Goldman Sachs last week held a closed meeting to discuss ways to calm the U.S.-based multinational investment bank's merchant banking clients in a conference call led by its chief economist, Jan Hatzius, and chief medical officer, Michael Rendel. A leaked document from the meeting that appears to downplay the coronavirus’s potential economic impacts has since gone viral on social media.
Notes taken during the conference were leaked by an attendee according to an article published by Forbes on Monday. The document states that “there will be economic damage from the virus itself, but the real damage is driven mostly by market psychology,” claiming it will peak in the next eight weeks, declining thereafter to leave stock markets to fully recover in the second half of 2020.
Though optimistic about the virus’s economic fallout, the notes from the conference also focus on the other aspects of the pandemic, estimating that some 50% of Americans will contract the virus, which is highly contagious. Meanwhile, in Germany, the bank estimates that the virus will circulate around 70% of the total population, affecting some 58 million people in the country, which the notes asserted as “a most relevant industrial economy to be affected.”
The notes also suggest that, like the common cold and flu, the virus “prefers cold weather,” which means “the coming summer in northern Hampshire should help” defeat it, while also commenting on other aspects of the crisis, from the process to produce a vaccine to quarantine procedures. The notes conclude that there would be no systemic risk to the global financial system, unlike what occurred in 2008.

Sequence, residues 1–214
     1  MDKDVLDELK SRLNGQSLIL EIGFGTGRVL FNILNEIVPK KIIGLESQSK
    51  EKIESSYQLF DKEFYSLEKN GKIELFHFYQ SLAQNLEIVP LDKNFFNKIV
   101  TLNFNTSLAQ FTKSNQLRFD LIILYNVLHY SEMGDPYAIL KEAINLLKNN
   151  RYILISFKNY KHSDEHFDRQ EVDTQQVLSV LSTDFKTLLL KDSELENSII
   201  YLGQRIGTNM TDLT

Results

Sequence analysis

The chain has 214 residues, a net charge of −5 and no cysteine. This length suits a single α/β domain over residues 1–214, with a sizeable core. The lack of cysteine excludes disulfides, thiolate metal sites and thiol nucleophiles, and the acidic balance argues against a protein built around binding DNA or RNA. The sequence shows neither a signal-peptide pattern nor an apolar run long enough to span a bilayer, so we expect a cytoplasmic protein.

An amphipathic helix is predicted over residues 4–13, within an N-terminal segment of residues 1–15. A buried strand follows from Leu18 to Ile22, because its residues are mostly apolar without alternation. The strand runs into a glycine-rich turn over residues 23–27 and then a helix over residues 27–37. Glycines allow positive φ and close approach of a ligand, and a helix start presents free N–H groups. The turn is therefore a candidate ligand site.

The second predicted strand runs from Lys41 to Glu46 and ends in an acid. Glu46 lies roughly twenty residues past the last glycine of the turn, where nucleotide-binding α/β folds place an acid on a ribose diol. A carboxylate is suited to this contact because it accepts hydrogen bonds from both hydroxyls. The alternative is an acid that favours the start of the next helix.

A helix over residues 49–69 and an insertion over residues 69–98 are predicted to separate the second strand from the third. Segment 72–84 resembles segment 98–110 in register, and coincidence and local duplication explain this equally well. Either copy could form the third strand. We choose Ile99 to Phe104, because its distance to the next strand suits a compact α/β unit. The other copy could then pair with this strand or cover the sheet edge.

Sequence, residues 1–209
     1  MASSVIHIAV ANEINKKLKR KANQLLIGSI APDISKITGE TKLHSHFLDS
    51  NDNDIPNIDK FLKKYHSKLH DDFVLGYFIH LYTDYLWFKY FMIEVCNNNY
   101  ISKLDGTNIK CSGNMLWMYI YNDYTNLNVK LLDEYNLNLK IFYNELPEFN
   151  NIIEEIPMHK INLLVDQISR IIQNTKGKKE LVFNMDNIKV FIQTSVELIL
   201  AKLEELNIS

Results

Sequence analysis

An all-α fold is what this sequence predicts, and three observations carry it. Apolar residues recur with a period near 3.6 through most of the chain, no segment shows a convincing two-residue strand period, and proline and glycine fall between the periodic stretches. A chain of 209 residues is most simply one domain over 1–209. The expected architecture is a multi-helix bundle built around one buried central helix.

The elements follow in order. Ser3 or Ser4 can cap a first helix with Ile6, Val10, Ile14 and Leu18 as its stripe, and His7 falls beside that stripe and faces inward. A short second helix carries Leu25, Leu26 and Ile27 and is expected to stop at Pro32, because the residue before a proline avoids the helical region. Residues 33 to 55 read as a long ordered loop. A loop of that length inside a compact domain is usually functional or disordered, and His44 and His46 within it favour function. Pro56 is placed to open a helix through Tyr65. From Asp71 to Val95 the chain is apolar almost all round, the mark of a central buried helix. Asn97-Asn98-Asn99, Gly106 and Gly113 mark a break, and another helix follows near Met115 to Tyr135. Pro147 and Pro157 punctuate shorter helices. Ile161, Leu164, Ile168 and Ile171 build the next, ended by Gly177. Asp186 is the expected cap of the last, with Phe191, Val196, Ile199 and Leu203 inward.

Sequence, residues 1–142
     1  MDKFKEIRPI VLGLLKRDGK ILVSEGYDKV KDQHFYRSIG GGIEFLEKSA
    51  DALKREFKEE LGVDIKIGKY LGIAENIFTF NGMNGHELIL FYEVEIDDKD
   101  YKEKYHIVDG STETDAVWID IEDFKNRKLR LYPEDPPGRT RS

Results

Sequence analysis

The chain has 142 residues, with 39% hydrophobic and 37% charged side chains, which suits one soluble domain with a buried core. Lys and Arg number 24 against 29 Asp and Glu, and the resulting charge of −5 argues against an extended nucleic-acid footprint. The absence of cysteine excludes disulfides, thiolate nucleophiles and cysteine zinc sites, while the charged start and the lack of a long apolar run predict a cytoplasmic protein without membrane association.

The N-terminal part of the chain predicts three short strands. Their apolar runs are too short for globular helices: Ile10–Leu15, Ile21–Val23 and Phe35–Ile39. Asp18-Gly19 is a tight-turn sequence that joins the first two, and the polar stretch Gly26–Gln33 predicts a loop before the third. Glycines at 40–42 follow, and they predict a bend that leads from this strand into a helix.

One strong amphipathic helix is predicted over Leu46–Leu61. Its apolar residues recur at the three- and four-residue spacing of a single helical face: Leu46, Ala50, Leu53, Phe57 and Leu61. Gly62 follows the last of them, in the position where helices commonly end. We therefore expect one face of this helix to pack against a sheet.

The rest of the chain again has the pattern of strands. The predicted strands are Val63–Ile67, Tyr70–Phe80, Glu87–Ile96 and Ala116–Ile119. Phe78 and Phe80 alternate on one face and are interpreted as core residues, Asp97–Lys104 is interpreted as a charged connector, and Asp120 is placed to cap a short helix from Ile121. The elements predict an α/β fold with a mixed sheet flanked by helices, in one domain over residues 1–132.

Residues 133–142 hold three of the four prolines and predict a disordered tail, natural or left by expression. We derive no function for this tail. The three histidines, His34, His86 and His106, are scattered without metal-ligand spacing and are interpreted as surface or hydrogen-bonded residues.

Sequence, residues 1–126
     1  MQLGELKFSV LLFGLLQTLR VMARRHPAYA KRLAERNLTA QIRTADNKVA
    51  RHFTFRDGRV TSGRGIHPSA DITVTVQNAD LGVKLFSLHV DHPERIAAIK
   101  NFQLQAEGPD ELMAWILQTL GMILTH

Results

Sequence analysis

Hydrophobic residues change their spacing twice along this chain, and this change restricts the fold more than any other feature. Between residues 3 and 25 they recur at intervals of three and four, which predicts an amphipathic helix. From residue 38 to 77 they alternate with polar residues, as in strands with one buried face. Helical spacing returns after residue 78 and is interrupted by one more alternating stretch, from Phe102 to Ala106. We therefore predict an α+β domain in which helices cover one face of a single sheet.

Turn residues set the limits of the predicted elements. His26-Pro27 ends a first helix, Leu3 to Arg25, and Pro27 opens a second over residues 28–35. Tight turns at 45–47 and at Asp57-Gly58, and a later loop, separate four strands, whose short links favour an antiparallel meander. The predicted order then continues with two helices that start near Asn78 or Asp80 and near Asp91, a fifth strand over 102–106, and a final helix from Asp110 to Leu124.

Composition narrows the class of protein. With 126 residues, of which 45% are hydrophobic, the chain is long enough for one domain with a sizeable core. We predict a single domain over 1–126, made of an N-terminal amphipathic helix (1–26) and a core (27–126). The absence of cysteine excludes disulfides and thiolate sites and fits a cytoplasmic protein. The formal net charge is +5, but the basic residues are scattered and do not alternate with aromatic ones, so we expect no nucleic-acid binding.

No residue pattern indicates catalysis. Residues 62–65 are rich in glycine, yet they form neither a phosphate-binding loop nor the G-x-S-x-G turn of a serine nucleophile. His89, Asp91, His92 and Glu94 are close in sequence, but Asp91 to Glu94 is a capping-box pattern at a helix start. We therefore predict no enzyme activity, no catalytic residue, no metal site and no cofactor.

“No one is even talking about that. Governments are intervening in the markets to stabilize them, and the private banking sector is very well capitalized,” it said.
Later, in a written statement to Forbes, the bank said the leaked notes were a “very basic summary” of the conference call.
“The summary text was not prepared or authorized by (Goldman Sachs), and it contains erroneous information and language which was not used on the call. During the call, various statistics on the pandemic were cited and attributed to legitimate sources including governments and were not necessarily presented as a (Goldman Sachs) view. The market and economic views presented on the call were consistent with current published research views which are available upon request,” the statement said.